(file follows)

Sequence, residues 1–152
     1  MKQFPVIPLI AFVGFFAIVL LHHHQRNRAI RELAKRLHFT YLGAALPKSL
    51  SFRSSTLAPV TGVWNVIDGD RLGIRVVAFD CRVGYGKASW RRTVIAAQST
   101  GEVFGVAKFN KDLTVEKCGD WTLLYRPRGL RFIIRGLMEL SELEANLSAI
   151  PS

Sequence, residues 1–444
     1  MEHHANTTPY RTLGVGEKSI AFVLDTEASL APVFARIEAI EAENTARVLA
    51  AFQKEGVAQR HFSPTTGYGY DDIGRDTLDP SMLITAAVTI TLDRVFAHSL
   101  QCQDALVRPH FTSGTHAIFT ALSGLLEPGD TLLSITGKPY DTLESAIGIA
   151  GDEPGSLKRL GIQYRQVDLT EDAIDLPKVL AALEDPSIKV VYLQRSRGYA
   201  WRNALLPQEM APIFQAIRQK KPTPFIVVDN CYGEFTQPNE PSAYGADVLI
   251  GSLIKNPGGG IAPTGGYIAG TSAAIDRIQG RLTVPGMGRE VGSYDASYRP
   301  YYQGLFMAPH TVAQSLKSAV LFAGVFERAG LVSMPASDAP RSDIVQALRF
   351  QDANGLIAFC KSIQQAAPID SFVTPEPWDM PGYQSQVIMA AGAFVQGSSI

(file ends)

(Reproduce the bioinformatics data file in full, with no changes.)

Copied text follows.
Sequence, residues 1–152
     1  MKQFPVIPLI AFVGFFAIVL LHHHQRNRAI RELAKRLHFT YLGAALPKSL
    51  SFRSSTLAPV TGVWNVIDGD RLGIRVVAFD CRVGYGKASW RRTVIAAQST
   101  GEVFGVAKFN KDLTVEKCGD WTLLYRPRGL RFIIRGLMEL SELEANLSAI
   151  PS

Sequence, residues 1–444
     1  MEHHANTTPY RTLGVGEKSI AFVLDTEASL APVFARIEAI EAENTARVLA
    51  AFQKEGVAQR HFSPTTGYGY DDIGRDTLDP SMLITAAVTI TLDRVFAHSL
   101  QCQDALVRPH FTSGTHAIFT ALSGLLEPGD TLLSITGKPY DTLESAIGIA
   151  GDEPGSLKRL GIQYRQVDLT EDAIDLPKVL AALEDPSIKV VYLQRSRGYA
   201  WRNALLPQEM APIFQAIRQK KPTPFIVVDN CYGEFTQPNE PSAYGADVLI
   251  GSLIKNPGGG IAPTGGYIAG TSAAIDRIQG RLTVPGMGRE VGSYDASYRP
   301  YYQGLFMAPH TVAQSLKSAV LFAGVFERAG LVSMPASDAP RSDIVQALRF
   351  QDANGLIAFC KSIQQAAPID SFVTPEPWDM PGYQSQVIMA AGAFVQGSSI